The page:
“That’s the way we do things round here.”

2 Setting the tone— There is a clear ethical theme of regularly and openly wishing good will to all men and women—this permeates your enterprise with Set the toneramifications far beyond the immediate premises.

3 Purpose— There are clear objectives for the organisation and no one inside or outside seems to have any doubts about what is expected of them.

Everyone we spoke to could readily repeat back to us your core company intention to: “Bring toys and happiness to all good little girls and boys”.

4 Inspiring— You personally inspire everyone around you to do good work and convey the message the work is worthwhile.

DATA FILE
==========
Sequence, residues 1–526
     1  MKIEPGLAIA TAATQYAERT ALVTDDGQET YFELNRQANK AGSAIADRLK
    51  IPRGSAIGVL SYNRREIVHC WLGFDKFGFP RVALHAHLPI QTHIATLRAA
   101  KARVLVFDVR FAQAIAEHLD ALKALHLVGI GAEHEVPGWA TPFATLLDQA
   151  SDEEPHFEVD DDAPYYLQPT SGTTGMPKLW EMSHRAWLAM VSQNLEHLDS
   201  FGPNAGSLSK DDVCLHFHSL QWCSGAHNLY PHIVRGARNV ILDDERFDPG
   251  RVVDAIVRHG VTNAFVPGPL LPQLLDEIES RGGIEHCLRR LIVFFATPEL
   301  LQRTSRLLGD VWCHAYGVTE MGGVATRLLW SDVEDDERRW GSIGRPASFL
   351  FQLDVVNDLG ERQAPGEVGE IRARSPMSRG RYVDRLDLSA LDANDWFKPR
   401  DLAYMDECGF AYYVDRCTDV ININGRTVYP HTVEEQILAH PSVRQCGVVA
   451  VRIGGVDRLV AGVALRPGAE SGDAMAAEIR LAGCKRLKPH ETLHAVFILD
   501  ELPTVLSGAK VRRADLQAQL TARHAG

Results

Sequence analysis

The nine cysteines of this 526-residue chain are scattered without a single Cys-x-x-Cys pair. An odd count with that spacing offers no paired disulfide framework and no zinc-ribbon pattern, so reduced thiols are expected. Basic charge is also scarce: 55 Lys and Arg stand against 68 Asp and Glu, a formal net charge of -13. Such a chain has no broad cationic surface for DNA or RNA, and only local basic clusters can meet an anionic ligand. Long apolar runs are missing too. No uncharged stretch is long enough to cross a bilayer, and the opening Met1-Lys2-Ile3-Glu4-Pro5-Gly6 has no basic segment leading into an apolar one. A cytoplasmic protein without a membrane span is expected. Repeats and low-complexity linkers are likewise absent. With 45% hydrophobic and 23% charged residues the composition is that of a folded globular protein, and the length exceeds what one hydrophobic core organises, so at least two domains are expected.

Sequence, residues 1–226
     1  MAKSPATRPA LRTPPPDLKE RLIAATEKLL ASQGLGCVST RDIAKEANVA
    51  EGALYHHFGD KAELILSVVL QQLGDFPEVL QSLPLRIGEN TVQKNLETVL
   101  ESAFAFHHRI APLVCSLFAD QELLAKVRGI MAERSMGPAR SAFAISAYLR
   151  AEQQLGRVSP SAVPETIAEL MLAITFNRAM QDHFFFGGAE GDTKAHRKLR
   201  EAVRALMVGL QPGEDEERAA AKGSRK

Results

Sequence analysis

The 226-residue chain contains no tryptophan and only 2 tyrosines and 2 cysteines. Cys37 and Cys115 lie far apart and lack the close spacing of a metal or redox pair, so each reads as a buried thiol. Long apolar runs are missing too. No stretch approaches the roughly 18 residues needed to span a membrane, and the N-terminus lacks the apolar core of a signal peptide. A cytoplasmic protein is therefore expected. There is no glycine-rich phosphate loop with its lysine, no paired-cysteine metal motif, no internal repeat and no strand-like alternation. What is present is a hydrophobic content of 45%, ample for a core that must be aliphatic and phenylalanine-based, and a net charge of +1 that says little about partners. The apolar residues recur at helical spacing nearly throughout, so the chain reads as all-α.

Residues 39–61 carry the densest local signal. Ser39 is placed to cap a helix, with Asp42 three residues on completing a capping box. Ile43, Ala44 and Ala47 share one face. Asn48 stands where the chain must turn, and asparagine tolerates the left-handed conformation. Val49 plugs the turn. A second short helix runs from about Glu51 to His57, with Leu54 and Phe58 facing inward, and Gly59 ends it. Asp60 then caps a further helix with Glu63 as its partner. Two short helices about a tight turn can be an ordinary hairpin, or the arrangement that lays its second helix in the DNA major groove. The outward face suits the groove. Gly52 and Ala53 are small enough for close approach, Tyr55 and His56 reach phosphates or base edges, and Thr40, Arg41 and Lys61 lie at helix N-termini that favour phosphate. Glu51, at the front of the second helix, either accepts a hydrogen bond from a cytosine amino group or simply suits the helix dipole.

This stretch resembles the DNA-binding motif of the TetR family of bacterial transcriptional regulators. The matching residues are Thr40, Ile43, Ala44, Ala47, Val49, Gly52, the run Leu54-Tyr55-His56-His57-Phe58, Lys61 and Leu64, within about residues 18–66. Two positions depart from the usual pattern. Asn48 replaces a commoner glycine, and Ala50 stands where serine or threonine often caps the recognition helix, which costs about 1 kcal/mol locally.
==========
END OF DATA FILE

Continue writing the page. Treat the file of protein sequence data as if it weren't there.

When assessed against our engagement criteria of VIDI, all elves felt Valued, Involved, Developed and Inspired.

This results in zero staff attrition. Indeed many have been with you since you started the business.

5 Communication— You have a clear corpporate message which everyone understands and it never alters. Every year it’s the same: Ho! Ho! Ho! Merry Christmas

Not Heh! Heh! Heh! Merry Christmas; Not Hurry! Hurry! Hurry! Merry Christmas
Always Ho! Ho! Ho! Merry Christmas

6  Values— You clearly live your values, and know what you stand for–laughter and frivolity.

Every year with great consistency you deliver this same message, linking those values repeatedly.

Equally important, you walk the talk, making sure all those millions of other Santas in your world-wide franchise understand the message too.

7 Authenticity— You are known to speak from the heart and show you’re genuinely committed to an ethical culture. Consequently the level of commitment to integrity in the workplace is extremely high.